He played a key role in keeping the classic female buddy cop show “Cagney & Lacey” on the air in the early 1980s after CBS decided to cancel it following its first season. He led a campaign that got thousands of viewers to write in, and the network put it back on. It became a hit and ran for six more seasons.

After a long and fruitful career, why not retire and turn full time to growing his garden along the Pacific? “Retirement is dull,” Mr. Myers answered. “Why do I want to retire? Sit home and watch TV? I like TV, but I’m not going to watch all day. What am I going to do? Travel? I’ve traveled, but I’m traveling in so many worlds now I don’t see how I can compete.”

He isn’t kidding. Though he will turn 87 a week from now, Mr. Myers is in his 28th year teaching classes on PR at UCLA (where he has taught more than 1,700 students) and his 14th year teaching classes at Loyola Marymount College in Los Angeles. On St. Patrick’s Day he will moderate a panel of trade paper editors for a professional PR society, one of dozens of organizations in which he holds memberships, such as the movie and television academies, Women in Film and the Hollywood Press Club. He and his wife of 30 years are regular fixtures at numerous Hollywood events.

“Julian has been an incredible mentor to me,” said his former student Curt King, now VP of publicity and corporate communications for NBC Universal Television Studio. “He’s gentlemanly. He’s bright and tenacious. He really is a sincerely warm human being that cares about people. That’s the secret to his success. He’s persistent but polite. He’s smart but not overbearing. He just finds the right balance.”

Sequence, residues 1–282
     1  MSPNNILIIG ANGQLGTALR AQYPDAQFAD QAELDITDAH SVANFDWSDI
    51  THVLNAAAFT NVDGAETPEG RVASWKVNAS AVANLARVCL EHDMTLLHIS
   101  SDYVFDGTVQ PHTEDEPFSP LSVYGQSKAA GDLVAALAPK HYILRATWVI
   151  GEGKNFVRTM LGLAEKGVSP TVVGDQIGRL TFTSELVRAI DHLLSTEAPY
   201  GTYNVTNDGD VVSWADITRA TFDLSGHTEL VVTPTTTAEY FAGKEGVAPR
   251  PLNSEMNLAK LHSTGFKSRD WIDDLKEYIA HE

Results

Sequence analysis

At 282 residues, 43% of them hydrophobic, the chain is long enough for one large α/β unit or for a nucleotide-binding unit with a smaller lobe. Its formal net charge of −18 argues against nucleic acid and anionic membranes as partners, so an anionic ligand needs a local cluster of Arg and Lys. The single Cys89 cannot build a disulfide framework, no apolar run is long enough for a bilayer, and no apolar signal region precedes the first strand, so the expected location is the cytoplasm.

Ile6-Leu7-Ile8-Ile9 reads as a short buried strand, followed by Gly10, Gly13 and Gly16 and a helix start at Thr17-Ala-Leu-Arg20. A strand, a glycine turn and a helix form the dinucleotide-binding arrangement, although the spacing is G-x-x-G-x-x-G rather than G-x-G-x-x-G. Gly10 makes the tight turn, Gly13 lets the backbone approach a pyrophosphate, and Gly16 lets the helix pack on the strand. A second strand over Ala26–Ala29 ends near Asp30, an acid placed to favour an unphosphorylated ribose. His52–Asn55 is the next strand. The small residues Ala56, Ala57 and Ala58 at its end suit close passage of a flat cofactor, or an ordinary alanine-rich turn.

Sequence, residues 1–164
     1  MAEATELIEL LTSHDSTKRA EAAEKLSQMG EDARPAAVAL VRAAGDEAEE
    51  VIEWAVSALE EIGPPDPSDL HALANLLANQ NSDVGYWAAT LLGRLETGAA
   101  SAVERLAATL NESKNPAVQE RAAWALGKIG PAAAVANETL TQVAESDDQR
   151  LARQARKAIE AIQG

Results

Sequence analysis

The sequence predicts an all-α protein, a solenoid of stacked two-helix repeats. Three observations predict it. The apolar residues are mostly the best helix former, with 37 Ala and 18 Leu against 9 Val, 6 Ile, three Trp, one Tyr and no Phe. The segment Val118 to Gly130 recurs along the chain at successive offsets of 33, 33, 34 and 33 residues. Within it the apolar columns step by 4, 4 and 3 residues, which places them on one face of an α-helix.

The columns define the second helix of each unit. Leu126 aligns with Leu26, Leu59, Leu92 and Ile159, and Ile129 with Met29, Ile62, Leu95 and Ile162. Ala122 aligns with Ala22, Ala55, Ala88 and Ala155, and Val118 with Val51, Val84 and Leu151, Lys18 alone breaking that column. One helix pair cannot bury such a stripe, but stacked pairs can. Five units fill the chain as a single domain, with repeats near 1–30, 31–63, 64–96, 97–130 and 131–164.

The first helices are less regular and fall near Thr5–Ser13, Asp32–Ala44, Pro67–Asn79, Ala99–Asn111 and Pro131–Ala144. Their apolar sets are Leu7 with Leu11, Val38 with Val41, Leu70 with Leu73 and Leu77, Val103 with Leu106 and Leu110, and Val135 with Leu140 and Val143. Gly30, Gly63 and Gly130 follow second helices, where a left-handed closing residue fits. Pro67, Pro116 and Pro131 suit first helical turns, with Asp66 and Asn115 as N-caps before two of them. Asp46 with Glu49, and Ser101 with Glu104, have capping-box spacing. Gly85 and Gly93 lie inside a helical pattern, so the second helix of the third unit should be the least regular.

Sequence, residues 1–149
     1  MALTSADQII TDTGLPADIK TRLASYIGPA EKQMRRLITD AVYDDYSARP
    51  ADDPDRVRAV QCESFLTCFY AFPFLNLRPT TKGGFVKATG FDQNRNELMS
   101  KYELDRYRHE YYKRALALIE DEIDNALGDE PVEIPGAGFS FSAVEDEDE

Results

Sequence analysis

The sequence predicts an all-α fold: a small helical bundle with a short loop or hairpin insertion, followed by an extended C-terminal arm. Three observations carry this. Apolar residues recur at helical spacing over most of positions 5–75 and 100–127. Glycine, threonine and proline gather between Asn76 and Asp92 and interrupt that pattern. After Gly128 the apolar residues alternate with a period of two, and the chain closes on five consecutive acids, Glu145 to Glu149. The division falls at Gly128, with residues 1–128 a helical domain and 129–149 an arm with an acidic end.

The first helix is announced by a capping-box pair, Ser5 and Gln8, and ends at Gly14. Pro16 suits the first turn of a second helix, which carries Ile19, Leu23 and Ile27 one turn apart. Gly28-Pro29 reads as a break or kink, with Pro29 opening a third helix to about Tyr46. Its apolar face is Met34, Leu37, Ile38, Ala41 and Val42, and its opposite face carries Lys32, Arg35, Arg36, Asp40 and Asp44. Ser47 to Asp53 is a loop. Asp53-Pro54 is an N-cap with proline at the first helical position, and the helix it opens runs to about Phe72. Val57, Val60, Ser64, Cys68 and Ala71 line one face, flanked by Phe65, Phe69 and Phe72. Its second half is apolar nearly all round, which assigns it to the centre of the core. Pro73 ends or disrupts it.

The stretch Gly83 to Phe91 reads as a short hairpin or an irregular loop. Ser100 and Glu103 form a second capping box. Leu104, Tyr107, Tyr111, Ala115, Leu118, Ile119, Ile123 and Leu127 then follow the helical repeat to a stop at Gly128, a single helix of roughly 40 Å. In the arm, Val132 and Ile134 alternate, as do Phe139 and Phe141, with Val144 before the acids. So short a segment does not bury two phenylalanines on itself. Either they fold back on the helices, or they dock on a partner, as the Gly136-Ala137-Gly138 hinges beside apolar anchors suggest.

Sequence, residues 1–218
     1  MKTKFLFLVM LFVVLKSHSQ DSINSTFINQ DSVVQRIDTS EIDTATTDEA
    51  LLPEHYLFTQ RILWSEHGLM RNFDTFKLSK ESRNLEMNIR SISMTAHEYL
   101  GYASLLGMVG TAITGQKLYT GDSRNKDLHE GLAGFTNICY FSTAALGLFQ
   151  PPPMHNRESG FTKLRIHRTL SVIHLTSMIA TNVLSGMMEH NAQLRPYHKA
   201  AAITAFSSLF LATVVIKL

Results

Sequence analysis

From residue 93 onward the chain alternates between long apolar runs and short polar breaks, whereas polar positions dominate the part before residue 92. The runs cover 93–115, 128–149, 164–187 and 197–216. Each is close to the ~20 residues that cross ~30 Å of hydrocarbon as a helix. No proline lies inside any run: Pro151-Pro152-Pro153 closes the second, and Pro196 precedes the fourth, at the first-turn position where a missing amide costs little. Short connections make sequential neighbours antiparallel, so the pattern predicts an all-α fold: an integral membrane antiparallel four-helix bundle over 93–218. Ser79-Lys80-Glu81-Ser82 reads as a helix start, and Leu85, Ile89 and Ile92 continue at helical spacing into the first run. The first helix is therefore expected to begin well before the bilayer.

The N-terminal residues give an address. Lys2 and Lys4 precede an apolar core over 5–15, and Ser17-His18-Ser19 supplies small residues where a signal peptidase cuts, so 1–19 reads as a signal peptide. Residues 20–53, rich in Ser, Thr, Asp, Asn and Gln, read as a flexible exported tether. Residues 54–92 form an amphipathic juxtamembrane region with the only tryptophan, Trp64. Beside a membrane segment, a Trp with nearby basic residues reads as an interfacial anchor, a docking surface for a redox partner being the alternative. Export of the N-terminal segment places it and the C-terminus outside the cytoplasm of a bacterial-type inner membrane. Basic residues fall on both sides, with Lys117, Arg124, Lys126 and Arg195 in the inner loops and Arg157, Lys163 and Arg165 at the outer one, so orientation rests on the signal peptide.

Then there are his athletic feats. Mr. Myers is a veteran runner and marathoner. He will compete for the 15th time in the Los Angeles Marathon on March 6, along with more than 21,000 others. Last year’s men’s winner covered the 26-plus miles in just under 21/4 hours. Mr. Myers will be happy to finish in about eight hours. On New Year’s Day he splashed in the freezing ocean off Venice Beach, Calif., during the annual Penguin Club 300-yard swim.

Does it all add up to the secret to his long life? “The secret is to find something you are really interested in that you want to achieve,” Mr. Myers said. “It isn’t just something you love or something you like to do. It has to be a goal that is difficult and meaningful. It has to be one you are not going to achieve completely a year from now or five years from now. It has to be 15 years further on, and then you’ll keep yourself in shape and remain sharp.”

Mr. Myers really lives the dream he is selling. After 63 years in show business, most surprising is his complete lack of cynicism. “It isn’t because of personality or outlook or anything like that,” he said. “It’s because that’s the way it has added up for me. I’ve had a wonderful time. People have treated me great. They’ve given me wonderful opportunities. I’ve had two fine wives, good health and wherever I go in Southern California people are dreamers, and they are glad that other people have dreams and want to help them achieve them.”